Many millions of farmworkers plant, cultivate, and harvest coffee around the world, including over 300 thousand people working on Rainforest Alliance Certified farms. We are committed to the safety and fair treatment of these workers, and to creating a world where socially sustainable business is the norm.
Forced labor issues in coffee
Farmworkers are the engine of the coffee business. Yet they represent the least visible, and often least supported, link in the supply chain. Concentrated harvests, which are characteristic of the coffee industry, result in workers migrating for short term labor, often without written employment contracts. Many migrant workers are recruited or transported by labor brokers, who can easily deceive or exploit them. They may not speak the language, may have limited rights under local law, and might depend on their employer for food, housing and other necessities. Local workers, too, can be vulnerable to forced labor-related practices. These include extremely long hours, illegal deductions from their pay, or incomplete or non-payment for extra time.
At the Rainforest Alliance, we believe that every worker matters, and every abuse that occurs—whether it be exploitative recruitment practices, pay-related issues, or substandard housing—is a human rights violation that requires decisive action.
Systemic problems, systemic solutions
Tackling forced labor at the farm level requires more than prohibition, which often drives the problem underground and does nothing to help local actors resolve it. A better course of action involves assessing and mitigating risks, addressing root causes, and going beyond the traditional audit model to open up channels of trust and communication with workers.
To be truly successful, we must also address the social, economic, and political issues that go beyond the farm. The solution must include collaboration between farmer communities, companies, civil society, governments, and others. The situation will not change without this kind of investment, and we all need to work together.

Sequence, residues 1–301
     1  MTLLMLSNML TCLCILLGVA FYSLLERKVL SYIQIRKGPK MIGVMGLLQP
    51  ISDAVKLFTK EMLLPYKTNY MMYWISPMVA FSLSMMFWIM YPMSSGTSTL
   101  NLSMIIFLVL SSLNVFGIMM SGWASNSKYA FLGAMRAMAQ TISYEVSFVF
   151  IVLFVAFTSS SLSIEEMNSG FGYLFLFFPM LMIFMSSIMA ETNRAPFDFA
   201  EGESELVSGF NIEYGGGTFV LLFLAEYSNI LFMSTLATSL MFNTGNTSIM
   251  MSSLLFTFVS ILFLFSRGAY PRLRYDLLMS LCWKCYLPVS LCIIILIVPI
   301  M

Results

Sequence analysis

What we’re doing
We have shifted towards an “assess-and-address” approach in our new 2020 Certification Standard to tackle forced labor and other human rights abuses. Instead of zero tolerance, this approach focuses on building farmers’ capacity to understand how forced labor happens, identify their own risks, mitigate them, and self-monitor on an ongoing basis. If a case is found, it also requires very specific remediation steps to stay certified, and in severe cases, farms’ certificates are suspended or cancelled. The “assess-and address” model builds upon past learnings and years of experience working with both farms and businesses. This program, combined with an assurance framework that includes independent third-party auditing, provides a strong framework for our goals. Read our full white paper on forced labor here.
Certification is only one piece of the puzzle. We use various strategies and partnerships to reduce the risk of forced labor in the sectors we work while driving positive change for people and nature. We have our Tailored Programs that work directly with companies to help them shape and meet their sustainability goals. In addition, our landscape-level interventions support both environmental and social outcomes. And through advocacy, we generate positive pressure on governments, NGOs, and other stakeholders to advance sustainability and improve or enforce national legislation.
What you can do
Interested in collaborating with us on improving these issues in your supply chain? Join our certification program or create a tailored program to help your company achieve its commitments, join the Sustainable Coffee Challenge, or send us an email.